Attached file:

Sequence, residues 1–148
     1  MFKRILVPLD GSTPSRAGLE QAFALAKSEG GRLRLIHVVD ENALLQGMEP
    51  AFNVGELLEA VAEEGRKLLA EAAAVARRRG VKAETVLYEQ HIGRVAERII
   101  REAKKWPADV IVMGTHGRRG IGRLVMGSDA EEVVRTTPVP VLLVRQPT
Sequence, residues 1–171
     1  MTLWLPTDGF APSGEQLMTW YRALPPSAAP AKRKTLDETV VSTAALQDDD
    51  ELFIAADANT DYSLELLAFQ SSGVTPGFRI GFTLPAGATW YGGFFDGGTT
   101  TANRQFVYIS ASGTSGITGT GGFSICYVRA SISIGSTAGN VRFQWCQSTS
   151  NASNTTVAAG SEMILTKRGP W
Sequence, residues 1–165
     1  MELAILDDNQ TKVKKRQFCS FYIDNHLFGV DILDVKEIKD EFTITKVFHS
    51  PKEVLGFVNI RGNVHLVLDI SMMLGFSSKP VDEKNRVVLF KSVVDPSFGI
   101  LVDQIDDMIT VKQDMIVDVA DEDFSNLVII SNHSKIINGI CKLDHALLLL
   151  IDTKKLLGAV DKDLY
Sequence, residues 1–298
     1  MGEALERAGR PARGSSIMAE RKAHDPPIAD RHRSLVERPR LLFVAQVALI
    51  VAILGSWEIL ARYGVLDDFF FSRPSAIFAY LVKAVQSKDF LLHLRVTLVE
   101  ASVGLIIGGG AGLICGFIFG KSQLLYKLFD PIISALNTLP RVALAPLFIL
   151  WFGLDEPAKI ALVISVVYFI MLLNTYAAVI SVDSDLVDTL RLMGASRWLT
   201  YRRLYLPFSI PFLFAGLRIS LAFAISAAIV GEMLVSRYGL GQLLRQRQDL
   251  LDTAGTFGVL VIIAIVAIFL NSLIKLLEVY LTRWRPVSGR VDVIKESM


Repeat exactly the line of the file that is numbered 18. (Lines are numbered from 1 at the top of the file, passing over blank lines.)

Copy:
   101  ASVGLIIGGG AGLICGFIFG KSQLLYKLFD PIISALNTLP RVALAPLFIL